May 2000) -- "Acupuncture as an aid in
respiratory ailments might be safer than the
prolonged use of drugs," according to Kim Jobst,
M.D., of University of Oxford (United Kingdom), in
an article written for the Journal of
Alternative and Complementary
statement appears difficult to defend when you
consider that today we have more potent drugs with
which we can treat asthma than ever before. We also
know more about risk factors, causes and
predisposing factors for asthma. In fact, this
March, there was even a patent issued to a company,
Magainin Pharmaceuticals, for a gene called
Met-IL9; individuals who inherit it appear to be
less susceptible to allergy and
As it is
among the most common chronic conditions in the
United States, affecting an estimated 15 million
people, it seems that we do need safer and more
effective treatment alternatives for asthma. But is
acupuncture a reasonable alternative?
Jobst makes a convincing case for acupuncture based
on the following
or durable symptomatic improvement and
enhanced quality of life as judged by the
subjective and objective
patient management as measured by
discontinuation or diminished use of
medication, physiotherapy and other
of the therapy.
to Dr. Jobst, evidence exists that in bronchial
asthma, chronic bronchitis and chronic disabling
breathlessness, acupuncture fulfills these criteria
to varying degrees.
confounding impact of sham
published studies reviewed, according to Jobst, 16 were judged
to be of good quality, and acupuncture was effective in 10 (62.5%). However,
this assessment probably is conservative as a result of the use of "sham"
acupuncture points, which were believed to be inactive but, according to
traditional Chinese principles, are active in pulmonary disease. This lead
to a reassessment of response by combining ''real'' with sham acupuncture
vs. baseline values. Under these conditions, 13 of 16 studies (81%) showed
treatment tended to have a greater effect than
acupuncture alone. However, medication was
significantly reduced when combined with
acupuncture. Jobst concluded that although more
well-designed studies are needed, there is no
reason to withhold acupuncture treatment from
patients with bronchial asthma and chronic
obstructive lung disease (Jobst, 1995).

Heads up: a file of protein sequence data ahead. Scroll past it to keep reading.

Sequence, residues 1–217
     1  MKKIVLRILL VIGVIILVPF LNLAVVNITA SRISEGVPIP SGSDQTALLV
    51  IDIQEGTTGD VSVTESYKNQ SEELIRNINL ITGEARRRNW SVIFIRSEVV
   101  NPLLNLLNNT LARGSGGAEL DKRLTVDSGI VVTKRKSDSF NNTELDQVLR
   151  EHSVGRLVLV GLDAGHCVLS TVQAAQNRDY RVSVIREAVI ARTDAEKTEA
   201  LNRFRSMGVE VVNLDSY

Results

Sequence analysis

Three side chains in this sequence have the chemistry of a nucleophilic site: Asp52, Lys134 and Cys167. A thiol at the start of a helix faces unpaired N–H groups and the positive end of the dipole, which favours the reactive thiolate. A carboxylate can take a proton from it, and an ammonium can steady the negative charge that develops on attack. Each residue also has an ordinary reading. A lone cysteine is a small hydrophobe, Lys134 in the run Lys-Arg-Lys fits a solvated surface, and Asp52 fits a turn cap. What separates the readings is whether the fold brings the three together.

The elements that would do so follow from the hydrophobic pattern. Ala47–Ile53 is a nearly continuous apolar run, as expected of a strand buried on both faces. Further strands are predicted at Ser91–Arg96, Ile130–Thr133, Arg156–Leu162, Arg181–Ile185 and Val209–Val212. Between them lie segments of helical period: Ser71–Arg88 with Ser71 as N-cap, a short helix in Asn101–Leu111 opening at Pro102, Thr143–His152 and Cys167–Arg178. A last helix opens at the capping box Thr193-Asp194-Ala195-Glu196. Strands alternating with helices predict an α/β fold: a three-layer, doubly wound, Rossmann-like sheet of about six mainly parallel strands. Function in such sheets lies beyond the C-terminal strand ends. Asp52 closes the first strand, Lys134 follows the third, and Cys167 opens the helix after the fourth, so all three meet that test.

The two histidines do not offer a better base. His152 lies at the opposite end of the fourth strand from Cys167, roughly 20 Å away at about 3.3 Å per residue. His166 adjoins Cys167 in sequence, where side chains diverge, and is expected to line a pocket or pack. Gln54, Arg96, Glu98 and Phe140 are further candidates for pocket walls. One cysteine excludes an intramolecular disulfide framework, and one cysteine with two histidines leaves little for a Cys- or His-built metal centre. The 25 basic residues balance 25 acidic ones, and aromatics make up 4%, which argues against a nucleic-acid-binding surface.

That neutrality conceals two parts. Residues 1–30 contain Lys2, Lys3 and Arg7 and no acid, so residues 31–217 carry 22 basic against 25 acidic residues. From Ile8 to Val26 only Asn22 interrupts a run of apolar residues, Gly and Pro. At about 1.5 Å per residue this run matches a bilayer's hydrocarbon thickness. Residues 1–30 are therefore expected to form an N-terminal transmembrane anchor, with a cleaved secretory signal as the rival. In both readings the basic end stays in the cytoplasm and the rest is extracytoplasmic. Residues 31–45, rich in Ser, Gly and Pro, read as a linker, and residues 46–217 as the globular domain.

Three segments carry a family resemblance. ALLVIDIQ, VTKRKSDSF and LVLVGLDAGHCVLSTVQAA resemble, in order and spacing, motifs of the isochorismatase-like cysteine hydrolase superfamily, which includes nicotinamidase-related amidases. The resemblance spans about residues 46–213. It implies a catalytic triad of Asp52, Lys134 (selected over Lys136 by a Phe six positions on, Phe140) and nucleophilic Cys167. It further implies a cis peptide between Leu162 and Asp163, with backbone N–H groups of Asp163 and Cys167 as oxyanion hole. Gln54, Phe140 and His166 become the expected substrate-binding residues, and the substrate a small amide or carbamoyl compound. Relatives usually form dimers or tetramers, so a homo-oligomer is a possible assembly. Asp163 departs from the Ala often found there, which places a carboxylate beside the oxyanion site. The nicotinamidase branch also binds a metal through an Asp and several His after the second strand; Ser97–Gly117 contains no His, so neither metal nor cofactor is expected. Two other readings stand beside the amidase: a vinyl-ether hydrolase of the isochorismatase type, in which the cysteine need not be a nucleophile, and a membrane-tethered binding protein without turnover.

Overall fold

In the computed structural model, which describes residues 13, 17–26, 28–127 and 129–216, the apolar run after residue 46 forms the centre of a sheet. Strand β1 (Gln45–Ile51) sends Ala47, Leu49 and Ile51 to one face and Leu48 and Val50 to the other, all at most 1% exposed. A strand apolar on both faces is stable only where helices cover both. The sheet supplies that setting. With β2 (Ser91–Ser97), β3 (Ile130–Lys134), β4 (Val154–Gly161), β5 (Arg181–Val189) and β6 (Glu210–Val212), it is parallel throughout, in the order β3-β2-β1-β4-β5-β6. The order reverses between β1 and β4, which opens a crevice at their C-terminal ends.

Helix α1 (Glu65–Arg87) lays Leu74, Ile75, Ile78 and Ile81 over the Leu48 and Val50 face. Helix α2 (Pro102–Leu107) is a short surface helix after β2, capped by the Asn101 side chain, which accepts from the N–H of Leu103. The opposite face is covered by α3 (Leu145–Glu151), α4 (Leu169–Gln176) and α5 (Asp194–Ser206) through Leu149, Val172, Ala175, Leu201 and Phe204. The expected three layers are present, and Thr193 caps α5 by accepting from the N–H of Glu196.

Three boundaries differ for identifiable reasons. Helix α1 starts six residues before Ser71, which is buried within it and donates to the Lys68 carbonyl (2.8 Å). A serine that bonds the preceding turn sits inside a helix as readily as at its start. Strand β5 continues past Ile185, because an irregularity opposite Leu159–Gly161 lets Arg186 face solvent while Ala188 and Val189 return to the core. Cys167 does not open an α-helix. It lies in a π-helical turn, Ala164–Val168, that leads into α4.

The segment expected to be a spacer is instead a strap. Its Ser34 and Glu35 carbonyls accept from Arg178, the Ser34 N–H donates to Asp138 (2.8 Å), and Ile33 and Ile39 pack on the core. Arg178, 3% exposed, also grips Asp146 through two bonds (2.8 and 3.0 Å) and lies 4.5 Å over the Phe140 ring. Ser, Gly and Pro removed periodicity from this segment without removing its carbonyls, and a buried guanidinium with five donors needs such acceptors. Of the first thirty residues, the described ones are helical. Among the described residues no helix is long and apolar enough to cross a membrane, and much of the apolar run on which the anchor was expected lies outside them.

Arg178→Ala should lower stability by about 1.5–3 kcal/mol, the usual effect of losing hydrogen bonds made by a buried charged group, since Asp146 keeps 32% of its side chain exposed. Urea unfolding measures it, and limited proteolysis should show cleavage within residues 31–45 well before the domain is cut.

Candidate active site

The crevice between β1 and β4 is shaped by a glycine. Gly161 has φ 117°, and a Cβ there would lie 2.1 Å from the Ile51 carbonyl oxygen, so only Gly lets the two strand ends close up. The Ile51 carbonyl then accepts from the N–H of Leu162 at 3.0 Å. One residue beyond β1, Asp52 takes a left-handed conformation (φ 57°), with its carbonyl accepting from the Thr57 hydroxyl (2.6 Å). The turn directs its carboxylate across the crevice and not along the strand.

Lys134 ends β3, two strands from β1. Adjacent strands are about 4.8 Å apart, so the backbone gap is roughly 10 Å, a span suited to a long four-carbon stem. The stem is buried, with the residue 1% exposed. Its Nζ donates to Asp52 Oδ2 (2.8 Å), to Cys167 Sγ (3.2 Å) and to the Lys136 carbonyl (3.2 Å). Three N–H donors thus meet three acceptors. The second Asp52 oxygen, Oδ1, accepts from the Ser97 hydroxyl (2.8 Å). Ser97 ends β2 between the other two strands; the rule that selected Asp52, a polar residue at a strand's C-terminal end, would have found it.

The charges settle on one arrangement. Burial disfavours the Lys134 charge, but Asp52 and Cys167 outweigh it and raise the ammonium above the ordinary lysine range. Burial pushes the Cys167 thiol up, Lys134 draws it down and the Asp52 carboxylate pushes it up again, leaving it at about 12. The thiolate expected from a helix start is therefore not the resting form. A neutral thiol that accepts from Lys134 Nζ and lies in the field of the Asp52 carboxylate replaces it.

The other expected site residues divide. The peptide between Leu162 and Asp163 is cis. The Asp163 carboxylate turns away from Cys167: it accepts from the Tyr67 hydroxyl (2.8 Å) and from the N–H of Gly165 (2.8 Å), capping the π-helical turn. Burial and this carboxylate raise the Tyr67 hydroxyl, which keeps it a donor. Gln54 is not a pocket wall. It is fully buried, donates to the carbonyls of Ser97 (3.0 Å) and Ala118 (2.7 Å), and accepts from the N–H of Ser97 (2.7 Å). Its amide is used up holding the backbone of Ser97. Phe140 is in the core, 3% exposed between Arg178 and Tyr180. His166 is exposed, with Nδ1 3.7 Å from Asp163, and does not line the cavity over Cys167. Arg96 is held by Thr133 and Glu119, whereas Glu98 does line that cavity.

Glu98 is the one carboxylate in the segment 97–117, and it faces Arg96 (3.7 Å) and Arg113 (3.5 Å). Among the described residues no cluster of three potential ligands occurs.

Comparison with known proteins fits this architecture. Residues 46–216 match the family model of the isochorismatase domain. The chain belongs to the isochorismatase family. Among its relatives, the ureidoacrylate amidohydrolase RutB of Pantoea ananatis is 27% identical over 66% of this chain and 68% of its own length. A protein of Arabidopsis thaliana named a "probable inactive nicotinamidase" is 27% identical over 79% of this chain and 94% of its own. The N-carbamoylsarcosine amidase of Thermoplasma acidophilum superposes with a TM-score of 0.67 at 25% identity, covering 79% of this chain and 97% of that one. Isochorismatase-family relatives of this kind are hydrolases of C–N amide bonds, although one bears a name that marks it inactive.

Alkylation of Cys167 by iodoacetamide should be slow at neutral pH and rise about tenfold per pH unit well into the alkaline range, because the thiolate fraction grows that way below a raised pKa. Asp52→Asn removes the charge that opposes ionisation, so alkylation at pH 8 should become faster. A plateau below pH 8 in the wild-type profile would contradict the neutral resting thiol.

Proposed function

criteria should we judge
clear that acupuncture alters the physiologic
processes associated with an asthmatic attack.
Patients with allergic asthma who are treated with
acupuncture show significantly decreased
concentrations of SIgA and total IgA (in saliva and
in nasal secretions) and levels of IgE in sera
after treatment (Yang et al, 1995).
These results suggest that attacks of delayed and
immediate allergic asthma could be effectively
inhibited by acupuncture. However, the theory means
little to a patient in the middle of an asthma
What are we
to make of a study that reports no objective
evidence of improvement, but concludes that
acupuncture is of value because patients report an
improved quality of life? Biernacki and Peake at
the Pontefract General Infirmary in the United
Kingdom conducted a randomized, double-blind study
of 23 nonsmoking adult asthmatics with forced
expiratory volume (FEV1) 59±16% of predicted.
Each patient received either real or sham
acupuncture. Measurements were repeated within one
hour of treatment and again after two weeks.
Patients also recorded peak expiratory flow rate
(PEFR) throughout the study. After two weeks, those
who received real treatment on the first visit
received sham treatment and vice
fact that there was no improvement in any objective
measure of respiratory function after either form
of acupuncture, patients reported significant
improvement in their quality of life plus a
reduction in the use of
issue presented in this research and in the
literature review by Jobst is the confounding
potential of "sham" acupuncture. Biernacki and
Peake concluded that "the exact site of needle
puncture on the chest is unimportant." This may be
true. However, it is also possible that "sham"
acupuncture is simply a flawed procedure. As Jobst
suggests, acupoints may not be static locations on the body,
but dynamic points of sensitivity that are able to initiate a physiological
response when the conditions are right.
Jr., PharmD, is senior vice president of medical
communications at Vicus.com. He is a pharmacist and
medical writer with more than 20 years of
experience in medical education.
Peake MD. Acupuncture in treatment of stable
asthma. Respir Med. 1998 Sept;
Chang C, Hackman RM, Stern JS, Gershwin
ME. Acupuncture in the treatment
of asthma: a critical review. Allergol
Immunopathol (Madr). 1998 Nov-Dec;
Jobst KA. A
critical analysis of acupuncture in pulmonary
disease: efficacy and safety of the acupuncture
needle. J Altern Complement
Med. 1995 Jan;
Pharmaceuticals. Magainin issued additional patent
for IL9 asthma gene. March 28, 2000.
(see investor resources, press releases)
Yang Y, Chen
H, Zhao C, Wang R. Studies on regulatory effects of
acupuncture on mucosal secretory IgA in patients
with allergic asthma. Chen Tzu Yen
Chiu. 1995; 20(2):68-70.